RE: Tick or tock?
By feraltoad on 8/18/2008 7:25:02 PM , Rating: 2
I swing both ways, just depends what is on the table for how much.

RE: Tick or tock?
By DASQ on 8/19/2008 1:45:10 PM , Rating: 2
If you have to ask, you can't afford it.

RE: Tick or tock?
By feraltoad on 8/21/2008 5:30:14 AM , Rating: 2
If you don't ask, then how do you know how much to pay? I guess hand them your DoucheBag Express Card? It's everywhere a douchebag wants to be.

RE: Tick or tock?
By Pavelyoung on 8/21/2008 5:31:13 AM , Rating: 2
You go both ways 0.o

LOL no it should be fairly reasonable. Few hundred for the mb and a few hundred for the CPU

RE: Tick or tock?
By silversound on 8/18/2008 2:49:18 PM , Rating: 2
i7 does not seems like a great improvement from core 2, I will wait and see the performance from AMD and sandy bridge to decide

RE: Tick or tock?
By RubberJohnny on 8/19/2008 12:02:27 AM , Rating: 2
Sources at Intel estimate that the chip will offer 15 to 20 percent performance gains at a common frequency over today's top of the line Penryn processors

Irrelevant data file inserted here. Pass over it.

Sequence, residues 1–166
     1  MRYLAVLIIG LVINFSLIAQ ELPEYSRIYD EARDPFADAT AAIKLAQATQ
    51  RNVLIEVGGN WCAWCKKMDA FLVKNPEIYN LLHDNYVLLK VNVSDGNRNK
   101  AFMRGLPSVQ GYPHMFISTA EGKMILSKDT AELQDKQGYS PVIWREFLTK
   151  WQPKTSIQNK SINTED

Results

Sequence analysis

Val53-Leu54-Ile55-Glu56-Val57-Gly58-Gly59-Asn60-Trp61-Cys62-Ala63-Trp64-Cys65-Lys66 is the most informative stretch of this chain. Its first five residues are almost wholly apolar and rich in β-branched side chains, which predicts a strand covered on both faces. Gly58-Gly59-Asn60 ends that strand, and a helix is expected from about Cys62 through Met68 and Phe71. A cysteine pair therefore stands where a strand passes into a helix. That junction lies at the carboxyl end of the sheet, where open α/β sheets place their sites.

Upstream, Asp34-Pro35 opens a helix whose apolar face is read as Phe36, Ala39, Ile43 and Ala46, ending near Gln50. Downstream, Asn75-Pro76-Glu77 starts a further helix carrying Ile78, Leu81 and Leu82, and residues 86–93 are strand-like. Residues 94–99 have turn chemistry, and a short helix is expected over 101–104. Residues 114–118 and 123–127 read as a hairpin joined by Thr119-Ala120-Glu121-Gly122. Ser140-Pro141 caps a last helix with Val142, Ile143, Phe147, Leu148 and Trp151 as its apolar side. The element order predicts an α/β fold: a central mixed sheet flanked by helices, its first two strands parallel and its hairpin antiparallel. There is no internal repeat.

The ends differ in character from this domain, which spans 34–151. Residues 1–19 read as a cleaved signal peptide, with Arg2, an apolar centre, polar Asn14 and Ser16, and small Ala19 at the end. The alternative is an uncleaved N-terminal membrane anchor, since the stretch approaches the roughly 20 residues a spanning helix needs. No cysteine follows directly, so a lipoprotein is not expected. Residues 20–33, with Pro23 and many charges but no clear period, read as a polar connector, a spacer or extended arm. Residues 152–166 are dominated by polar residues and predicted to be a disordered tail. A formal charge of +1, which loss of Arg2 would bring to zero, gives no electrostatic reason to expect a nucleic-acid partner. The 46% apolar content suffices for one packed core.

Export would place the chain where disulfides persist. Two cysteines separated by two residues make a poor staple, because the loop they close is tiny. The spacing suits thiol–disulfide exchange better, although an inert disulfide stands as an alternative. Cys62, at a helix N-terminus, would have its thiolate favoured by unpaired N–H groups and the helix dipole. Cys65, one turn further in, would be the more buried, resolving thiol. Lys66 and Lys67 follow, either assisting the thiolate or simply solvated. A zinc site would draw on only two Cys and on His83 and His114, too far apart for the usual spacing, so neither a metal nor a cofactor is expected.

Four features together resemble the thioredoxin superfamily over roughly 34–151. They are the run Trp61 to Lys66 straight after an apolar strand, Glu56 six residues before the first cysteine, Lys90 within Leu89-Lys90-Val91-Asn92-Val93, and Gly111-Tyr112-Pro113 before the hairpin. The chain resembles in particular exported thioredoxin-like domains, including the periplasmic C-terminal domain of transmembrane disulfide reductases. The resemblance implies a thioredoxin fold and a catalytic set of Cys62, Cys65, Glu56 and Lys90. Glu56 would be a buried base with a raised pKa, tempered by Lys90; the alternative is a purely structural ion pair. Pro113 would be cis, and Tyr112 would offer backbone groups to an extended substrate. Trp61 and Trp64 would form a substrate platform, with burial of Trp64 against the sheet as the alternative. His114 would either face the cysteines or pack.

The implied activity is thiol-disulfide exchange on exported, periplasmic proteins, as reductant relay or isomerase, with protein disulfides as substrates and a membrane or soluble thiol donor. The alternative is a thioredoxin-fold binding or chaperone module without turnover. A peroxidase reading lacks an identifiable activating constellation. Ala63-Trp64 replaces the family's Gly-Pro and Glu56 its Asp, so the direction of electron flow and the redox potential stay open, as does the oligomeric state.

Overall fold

Geez mate you're hard to impress!!!
Keep in mind that's the same performance increase we got from the X2s to core previous poster stated price/performance ratio is always the deciding factor for me.

AMD's Fusion
By HsiKai on 8/18/2008 12:37:49 PM , Rating: 1
Could this "early leak" be a result of AMD giving some more specific information regarding Fusion ( ) and wanting to steal a bit of the news of the week? Especially with Fusion being more than a year away Intel can play the "up and coming" card to capture some of the excitement (and rightfully so).

But regarding the Nehalem+Larabee system, this is very exciting both for processing as well as the future of games. I found this article which exemplifies some of the detail that ray-tracing offers over current technologies:

Also, though the article doesn't say it clearly, the Q4RT run is done on Larabee, not just on the Nehalem processor (see: ). Perhaps the paragraph with the "sign of things to come" line should be part of the paragraph above it.

RE: AMD's Fusion
By bigboxes on 8/18/2008 3:08:02 PM , Rating: 2
Right. "Leaked" when AMD has been getting all the good press as of late.

RE: AMD's Fusion
By CestNul on 8/18/2008 5:31:43 PM , Rating: 5
"Leaked" ?
"Leaked" ????
Funny to see how this article from is going round the web those past few days.
Especially when the article is from APRIL this year (IDF Shanghai 2008). Dated 08/04/08 which means 8 April 2008 in France.